In recent days it has become clear that the owners are desperately hoping to add two more games to the NFL regular season. It’s become a point of some contention for the players union and apparently among some fans. Before judging the impact of the idea, it’s important to understand the roots of it. The current CBA crisis is essentially about revenue, though the owners are trying to obscure the issue by bringing up a host of secondary complaints like HGH testing, a rookie wage scale, and an 18 game season. However, when you strip it all down to its core, the only real issue is who is getting what money.
The 18 game season has been something the owners have considered for a long time, but really gained momentum after Roger Goodell saw the 2008 preseason. If you’ll remember, the 2008 preseason was particularly horrid, especially in Indianapolis, where Peyton Manning did not play. The Colts opened a brand new stadium and promptly put a hilariously bad product on the field. The truth is that preseason games are a crime against season ticket holders, and Goodell knew it. People hate playing full price to two games that are quite simply unwatchable. However, the owners LOVE the extra revenue they generate with preseason games and won’t ever voluntarily give that up.
There seemed only one solution: drop one or two preseason games and replace them with regular season games. This won’t lead to any additional gate money, but it will lead to increased television revenue. The extra TV money could then help off set the massive gap between what the players want to make and what the owners want to pay them. Additionally, the thought was that the fans wouldn’t mind for two reasons:
1. Who is going to argue with more football?
2. The value of a season ticket increases. As much as some people want to complain that this move wouldn’t help the fans, it’s simply not true. Currently, season ticket holders pay full price for two games that are typically so bad that you can’t give away tickets. Have you ever tried to get someone to use your fourth preseason game ticket? Trust me, you aren’t getting any money back, and you’re lucky if you can even find someone to use the ticket. Even if an 18 game season led to increased ticket prices (which would violate most economic principles…more supply rarely leads to higher prices), at least you’d be able to resell them at regular season rates. Under an 18 game season, season ticket holders would still pay for 10 games, but they would get 9 real ones instead of 8.
On the surface, it seemed like a golden plan. It helps the league settle the revenue issue, and it gives the fans more football. In the past two years, however, it seems that the debate has shifted to a different front: player safety. As information about concussions continues to roll in, people are more wary than ever about exposing players to more games. To this time, this remains the only valid argument against the 18 game season. However, it’s not as sound as one might think.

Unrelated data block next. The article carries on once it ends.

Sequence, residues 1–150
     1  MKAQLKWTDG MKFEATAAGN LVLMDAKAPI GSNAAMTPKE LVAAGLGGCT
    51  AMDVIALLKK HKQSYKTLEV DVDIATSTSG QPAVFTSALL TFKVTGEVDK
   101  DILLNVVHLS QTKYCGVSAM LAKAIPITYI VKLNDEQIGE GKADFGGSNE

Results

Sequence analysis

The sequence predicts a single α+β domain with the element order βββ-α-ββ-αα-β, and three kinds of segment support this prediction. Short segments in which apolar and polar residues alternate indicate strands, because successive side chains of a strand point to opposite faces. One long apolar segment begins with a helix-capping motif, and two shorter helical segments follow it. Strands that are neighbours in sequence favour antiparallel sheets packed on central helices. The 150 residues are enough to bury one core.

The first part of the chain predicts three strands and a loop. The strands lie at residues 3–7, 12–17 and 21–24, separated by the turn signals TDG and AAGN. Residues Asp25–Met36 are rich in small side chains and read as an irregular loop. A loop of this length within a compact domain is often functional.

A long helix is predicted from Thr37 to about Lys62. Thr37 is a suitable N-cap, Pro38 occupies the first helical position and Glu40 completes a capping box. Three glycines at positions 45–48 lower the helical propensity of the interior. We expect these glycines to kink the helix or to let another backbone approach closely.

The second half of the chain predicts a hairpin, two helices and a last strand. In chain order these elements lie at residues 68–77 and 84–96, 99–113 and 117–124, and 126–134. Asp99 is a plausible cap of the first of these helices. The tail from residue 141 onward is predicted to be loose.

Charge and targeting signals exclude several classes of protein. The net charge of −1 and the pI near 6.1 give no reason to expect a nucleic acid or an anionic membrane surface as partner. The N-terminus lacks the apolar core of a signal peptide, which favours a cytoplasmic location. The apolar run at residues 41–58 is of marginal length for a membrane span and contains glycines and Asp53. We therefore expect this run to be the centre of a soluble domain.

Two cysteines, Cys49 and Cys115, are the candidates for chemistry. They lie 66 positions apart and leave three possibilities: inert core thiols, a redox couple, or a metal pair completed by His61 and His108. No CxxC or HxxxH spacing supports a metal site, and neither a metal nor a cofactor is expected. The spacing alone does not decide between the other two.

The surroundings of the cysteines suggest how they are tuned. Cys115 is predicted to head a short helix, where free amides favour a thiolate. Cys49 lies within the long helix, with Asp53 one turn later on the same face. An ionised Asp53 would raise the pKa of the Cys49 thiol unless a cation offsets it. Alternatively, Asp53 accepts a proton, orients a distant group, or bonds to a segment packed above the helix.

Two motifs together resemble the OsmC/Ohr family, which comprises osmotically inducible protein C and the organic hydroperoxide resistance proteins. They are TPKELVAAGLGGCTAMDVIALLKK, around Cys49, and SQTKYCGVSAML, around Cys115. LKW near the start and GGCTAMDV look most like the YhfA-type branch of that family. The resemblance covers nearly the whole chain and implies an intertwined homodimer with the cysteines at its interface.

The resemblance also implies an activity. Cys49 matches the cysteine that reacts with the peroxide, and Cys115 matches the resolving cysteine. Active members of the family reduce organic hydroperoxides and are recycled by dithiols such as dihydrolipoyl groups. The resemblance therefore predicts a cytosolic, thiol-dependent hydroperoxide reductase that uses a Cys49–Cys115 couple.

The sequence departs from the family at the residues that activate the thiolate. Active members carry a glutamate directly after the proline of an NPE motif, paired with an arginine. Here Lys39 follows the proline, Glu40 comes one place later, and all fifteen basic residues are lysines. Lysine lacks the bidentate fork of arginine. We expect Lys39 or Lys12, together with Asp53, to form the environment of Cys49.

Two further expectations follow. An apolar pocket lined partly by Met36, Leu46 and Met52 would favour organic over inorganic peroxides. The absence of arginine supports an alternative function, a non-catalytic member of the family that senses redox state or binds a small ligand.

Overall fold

What impact trading two preseason games for two regular season games will have on the overall health of NFL players remains to be seen. What’s interesting, however, is that the union has begun lobbying against this plan with guns blazing, trying to paint the owners as uncaring about the physical risks the players undergo. When the plan was first discussed, the response wasn’t nearly so severe as it is now.
In fact, the entire issue has become little more than a political chess piece in the battle for the hearts and minds of the fans. As much as some people might worry about things like records, numbers in the NFL have little value. Few fans can rattle off any single season NFL records, other than perhaps the touchdowns thrown mark. Records just aren’t as hallowed in the NFL as they are in baseball because the men who built the NFL played much shorter seasons. The NFL has had season of all sorts of different lengths from the beginning, and there is simply no tradition to keep the league locked into a 16 game season. Arguing that fans don’t remember anyone who played before 1980…well, that’s just nonsense and hilariously insulting to the men who REALLY built the NFL. After all, pro football has been the most popular sport in the United States since the 1960s.
Will a longer season lead to more injuries? It certainly leads to more opportunity for players to be injured, however it’s foolish to claim that teams will look like MASH units by week 18. After all, playoff teams currently play up to 20 weeks a season, and they aren’t necessarily riddled with third string backups playing significant downs. Besides that, if the only concern was more injuries, shouldn’t the NFL CUT the current schedule back to a more traditional 14 or 12 games season? After all, we’d see fewer injuries that way.
Of course, that won’t happen. Why? Everyone wants/needs the money, and fans love football. Frankly, if the fans are unwilling to see the season trimmed down to fewer games, why should they care if it is lengthened? Obviously, injury prevention is not so important that people are clamoring to shorten the season. 16 games certainly wasn’t chosen out of any consideration for player health. It would have to be proven statistically that players would suffer a greater rate of injury in game 18 than in game 16. If players’ injury rate is not any greater, and more injuries occur simply because of more opportunity, then there can be no objection to playing a longer season.
I suspect that whether one supports an 18 game season or not probably has a lot to do with whether you pay for season tickets or not. An 18 game season would actually add value to the season ticket of a hard working fan. Unless it can proven that injury rates rise dramatically from game 16 to game 18, there is probably no stopping a longer season.
I for one, won’t miss that scintillating final preseason matchup with the Bengals every year.